Monday, July 3, 2017

Angel Hernandez Sues MLB for Racial Discrimination

Umpire Angel Hernandez filed a lawsuit against Major League Baseball alleging racial discrimination, seeking back pay and unspecified compensatory damages, according to a Complaint filed by Hernandez in United States District Court for the Southern District of Ohio, Western Division, and obtained by Close Call Sports.

Hernandez specifically is alleging that MLB's discrimination—which began as soon as Joe Torre joined the Office of the Commissioner—has resulted in a refusal to select him to officiate the World Series, as well as a refusal to promote him to Crew Chief.

The suit against the Office of the Commissioner ("BOC") as well as Major League Baseball Blue, Inc. (Hernandez's technical employer) alleges that Hernandez, due to MLB's racial discrimination, suffered adverse employment actions through MLB's refusal to select him to work various World Series, and its refusal to promote him to the position of Crew Chief. Hernandez seeks a jury trial for his case.

First page of Hernandez's Complaint.
The suit alleges that despite Hernandez's qualifications and experience, Hernandez has not been chosen for a World Series assignment or the position of Crew Chief and, instead, less qualified individuals—"the vast majority of which have been white"—have been chosen for the Fall Classic or for promotion to Crew Chief.

Hernandez's suit alleges that the selection of "these less qualified, white individuals" was motivated by racial, national origin, and/or ethnic considerations, and that MLB's actions were "intentional, with reckless disregard for Hernandez's rights."

For instance, Hernandez claimed that in 2011, his accuracy percentage was 96.21%, compared to a staff average of 95.67%.

The suit makes reference to a potential personal feud between Hernandez and MLB Chief Baseball Officer Joe Torre.

Ump Angel Hernandez in New York.
The complaint introduces a May 4, 2001 quote from then-Yankees Manager Joe Torre, who, unhappy with a call he perceived to be incorrect, told the media that "[Hernandez] seems to see something nobody else'd like to have him sit down and watch the video, something I'm sure he doesn't do."

Torre went on to say, that had Hernandez reviewed the video, "he would look like a fool...I think he just wanted to be noticed over there."

The suit references Hernandez's yearly umpiring evaluations, which Hernandez alleges, took a sinister turn in 2011, the year Torre joined BOC as the Executive Vice President of Baseball Operations.

Hernandez exhibits his situation handling skill.
Specifically, Hernandez alleged that prior to 2011, Hernandez was never rebuked by BOC for allegedly attempting to "put himself in the spotlight," yet the 2011 evaluation contained the following comment:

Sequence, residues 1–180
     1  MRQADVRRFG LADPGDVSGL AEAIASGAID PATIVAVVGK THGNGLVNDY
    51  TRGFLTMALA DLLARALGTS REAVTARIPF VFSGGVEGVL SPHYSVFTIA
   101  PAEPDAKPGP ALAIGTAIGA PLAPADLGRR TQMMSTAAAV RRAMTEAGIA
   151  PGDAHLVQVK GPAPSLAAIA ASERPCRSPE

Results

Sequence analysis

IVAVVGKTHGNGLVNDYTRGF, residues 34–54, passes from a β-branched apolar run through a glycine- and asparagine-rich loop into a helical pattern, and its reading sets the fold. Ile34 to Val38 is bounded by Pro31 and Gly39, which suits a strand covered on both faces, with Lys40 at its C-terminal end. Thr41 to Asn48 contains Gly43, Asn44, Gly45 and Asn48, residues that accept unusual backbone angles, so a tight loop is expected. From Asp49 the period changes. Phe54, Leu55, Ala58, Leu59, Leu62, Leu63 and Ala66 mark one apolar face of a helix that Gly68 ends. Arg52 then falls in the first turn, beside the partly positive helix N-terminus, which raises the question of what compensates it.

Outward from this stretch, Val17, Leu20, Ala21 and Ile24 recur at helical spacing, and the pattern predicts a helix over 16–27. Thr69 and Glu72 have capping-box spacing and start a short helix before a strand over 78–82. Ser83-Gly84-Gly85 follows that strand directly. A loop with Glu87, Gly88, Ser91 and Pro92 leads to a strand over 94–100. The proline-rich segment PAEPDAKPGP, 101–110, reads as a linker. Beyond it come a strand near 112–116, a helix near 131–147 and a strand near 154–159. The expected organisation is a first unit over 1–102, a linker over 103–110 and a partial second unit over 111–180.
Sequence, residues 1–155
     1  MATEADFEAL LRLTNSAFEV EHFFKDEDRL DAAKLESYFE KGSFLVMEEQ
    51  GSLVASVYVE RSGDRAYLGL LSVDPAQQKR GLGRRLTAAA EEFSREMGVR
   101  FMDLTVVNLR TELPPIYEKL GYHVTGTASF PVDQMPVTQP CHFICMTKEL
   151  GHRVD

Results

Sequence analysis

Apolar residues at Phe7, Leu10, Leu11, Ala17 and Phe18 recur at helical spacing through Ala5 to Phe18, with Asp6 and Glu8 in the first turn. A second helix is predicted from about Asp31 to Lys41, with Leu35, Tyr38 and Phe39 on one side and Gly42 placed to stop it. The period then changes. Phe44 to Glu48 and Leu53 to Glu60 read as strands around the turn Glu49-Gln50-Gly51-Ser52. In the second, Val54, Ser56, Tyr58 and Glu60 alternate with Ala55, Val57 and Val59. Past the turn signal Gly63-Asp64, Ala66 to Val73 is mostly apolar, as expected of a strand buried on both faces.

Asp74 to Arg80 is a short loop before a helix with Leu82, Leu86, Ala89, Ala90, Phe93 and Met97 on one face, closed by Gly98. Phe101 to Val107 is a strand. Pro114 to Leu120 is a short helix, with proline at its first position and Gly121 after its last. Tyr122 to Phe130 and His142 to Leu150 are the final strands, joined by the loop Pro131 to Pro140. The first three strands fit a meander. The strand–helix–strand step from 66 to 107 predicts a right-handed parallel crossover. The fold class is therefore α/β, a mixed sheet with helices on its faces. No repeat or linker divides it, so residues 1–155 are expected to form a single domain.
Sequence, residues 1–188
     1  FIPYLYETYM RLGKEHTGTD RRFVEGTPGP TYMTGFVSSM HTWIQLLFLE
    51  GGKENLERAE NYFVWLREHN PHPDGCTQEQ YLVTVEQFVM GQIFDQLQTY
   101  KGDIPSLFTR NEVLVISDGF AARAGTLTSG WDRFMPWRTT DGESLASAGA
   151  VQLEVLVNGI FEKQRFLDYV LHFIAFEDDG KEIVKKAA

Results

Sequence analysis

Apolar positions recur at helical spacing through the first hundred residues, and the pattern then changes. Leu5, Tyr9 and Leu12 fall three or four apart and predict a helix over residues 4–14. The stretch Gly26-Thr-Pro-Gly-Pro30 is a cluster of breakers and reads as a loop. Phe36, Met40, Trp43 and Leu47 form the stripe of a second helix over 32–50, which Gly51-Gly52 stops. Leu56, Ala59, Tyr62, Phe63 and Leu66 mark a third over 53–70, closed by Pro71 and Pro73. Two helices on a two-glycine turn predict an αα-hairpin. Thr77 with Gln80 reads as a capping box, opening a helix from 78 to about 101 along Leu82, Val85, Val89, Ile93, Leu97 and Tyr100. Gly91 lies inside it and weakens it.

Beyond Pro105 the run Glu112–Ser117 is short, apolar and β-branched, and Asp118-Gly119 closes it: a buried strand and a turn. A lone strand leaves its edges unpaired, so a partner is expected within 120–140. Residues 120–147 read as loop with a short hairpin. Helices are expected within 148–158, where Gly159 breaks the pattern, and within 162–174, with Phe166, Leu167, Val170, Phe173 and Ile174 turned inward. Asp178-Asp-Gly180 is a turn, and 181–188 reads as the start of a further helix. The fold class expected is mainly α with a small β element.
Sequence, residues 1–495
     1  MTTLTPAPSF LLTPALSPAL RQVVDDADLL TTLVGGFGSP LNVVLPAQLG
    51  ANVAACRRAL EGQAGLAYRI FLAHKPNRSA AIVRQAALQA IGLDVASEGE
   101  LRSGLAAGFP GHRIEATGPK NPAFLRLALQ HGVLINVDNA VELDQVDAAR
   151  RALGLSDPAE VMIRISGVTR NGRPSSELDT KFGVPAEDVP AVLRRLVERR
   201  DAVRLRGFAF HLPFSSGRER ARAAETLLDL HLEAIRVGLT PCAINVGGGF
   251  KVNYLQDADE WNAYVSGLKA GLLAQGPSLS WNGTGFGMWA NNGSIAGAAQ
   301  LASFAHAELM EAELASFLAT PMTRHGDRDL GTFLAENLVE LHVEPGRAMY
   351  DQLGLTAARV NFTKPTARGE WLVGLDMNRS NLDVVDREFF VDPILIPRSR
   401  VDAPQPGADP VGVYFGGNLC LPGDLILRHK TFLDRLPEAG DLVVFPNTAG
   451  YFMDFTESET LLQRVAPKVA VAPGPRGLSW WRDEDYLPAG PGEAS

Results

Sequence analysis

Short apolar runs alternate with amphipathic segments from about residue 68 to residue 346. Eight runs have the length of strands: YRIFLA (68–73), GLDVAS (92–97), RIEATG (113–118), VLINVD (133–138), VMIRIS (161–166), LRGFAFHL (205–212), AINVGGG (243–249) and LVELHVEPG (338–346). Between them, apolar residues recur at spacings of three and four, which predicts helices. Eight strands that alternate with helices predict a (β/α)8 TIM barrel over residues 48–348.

"You need to work on your communication skills with on-field personnel, particularly because your approach has fostered a Club perception that you try to put yourself in the spotlight by seeing things that other umpires do not."
Hernandez alleges that these and similar comments echo the May 4, 2001 quote from Torre, despite the fact that, prior to 2011, Hernandez was purportedly praised on a routine basis for situation-handling, including situations involving warnings and ejections. The suit claims that as recently as 2010, Hernandez received an "exceeds standard" rating for his in-game situation handling management.

The suit also grieves Hernandez's 2011 evaluation of "meets standard" for his base judgment, which Hernandez claimed was inconsistent with comments on the report that stated he worked "with a tremendous amount of instinct," and hustled with a "positive 'feel' for the game." The report, issued in the middle of the 2011 season, had also purportedly stated that Hernandez "had not missed a single call for the first half of the 2011 season."
Related PostYankee Stadium Boundary Catch Part II: Hernandez Hustle (10/11/12).

The suit claims that MLB, "for no valid reason, decided to break up Hernandez and his long-time crew chief Joe West."

In 2011, we reported the split, as a rumored "result of actions taken by none other than MLB's current Executive Vice President of Baseball Operations, Joe Torre."
Related PostUmpire Odds & Ends: West & Hernandez; Say it Ain't So, Joe (7/14/11).

Hernandez claims the 2011 Year-End evaluation similarly echoed Torre's 2001 comments by stating that "battling the perception of the Clubs and the media that [he was] routinely attempting to put [himself] in the spotlight."

In sum, Hernandez claims that both 2011 evaluations are at odds with individual observers' reports that consistently praised Hernandez as "calm," "professional," "businesslike," and/or "composed." The suit cites several observer comments to suggest BOC's remarks were off-base, including "Amgel [sic] is a hard worker and great example for other umpires," and "[Hernandez] is a very good umpire."

Hernandez gets in position on a pickoff play.